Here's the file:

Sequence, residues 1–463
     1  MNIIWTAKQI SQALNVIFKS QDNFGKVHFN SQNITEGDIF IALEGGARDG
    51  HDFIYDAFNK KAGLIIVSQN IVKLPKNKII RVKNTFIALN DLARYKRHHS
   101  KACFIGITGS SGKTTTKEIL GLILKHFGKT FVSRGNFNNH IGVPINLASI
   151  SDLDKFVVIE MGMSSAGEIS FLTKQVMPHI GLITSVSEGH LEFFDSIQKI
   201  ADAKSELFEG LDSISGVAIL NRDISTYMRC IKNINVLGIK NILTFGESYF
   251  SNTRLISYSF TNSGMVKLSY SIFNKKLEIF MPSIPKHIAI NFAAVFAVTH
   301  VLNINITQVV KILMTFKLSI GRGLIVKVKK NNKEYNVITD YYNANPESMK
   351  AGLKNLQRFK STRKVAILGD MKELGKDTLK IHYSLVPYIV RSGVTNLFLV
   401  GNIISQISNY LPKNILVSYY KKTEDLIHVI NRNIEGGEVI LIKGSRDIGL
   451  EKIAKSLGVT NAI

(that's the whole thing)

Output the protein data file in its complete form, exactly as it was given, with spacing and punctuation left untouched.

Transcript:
Sequence, residues 1–463
     1  MNIIWTAKQI SQALNVIFKS QDNFGKVHFN SQNITEGDIF IALEGGARDG
    51  HDFIYDAFNK KAGLIIVSQN IVKLPKNKII RVKNTFIALN DLARYKRHHS
   101  KACFIGITGS SGKTTTKEIL GLILKHFGKT FVSRGNFNNH IGVPINLASI
   151  SDLDKFVVIE MGMSSAGEIS FLTKQVMPHI GLITSVSEGH LEFFDSIQKI
   201  ADAKSELFEG LDSISGVAIL NRDISTYMRC IKNINVLGIK NILTFGESYF
   251  SNTRLISYSF TNSGMVKLSY SIFNKKLEIF MPSIPKHIAI NFAAVFAVTH
   301  VLNINITQVV KILMTFKLSI GRGLIVKVKK NNKEYNVITD YYNANPESMK
   351  AGLKNLQRFK STRKVAILGD MKELGKDTLK IHYSLVPYIV RSGVTNLFLV
   401  GNIISQISNY LPKNILVSYY KKTEDLIHVI NRNIEGGEVI LIKGSRDIGL
   451  EKIAKSLGVT NAI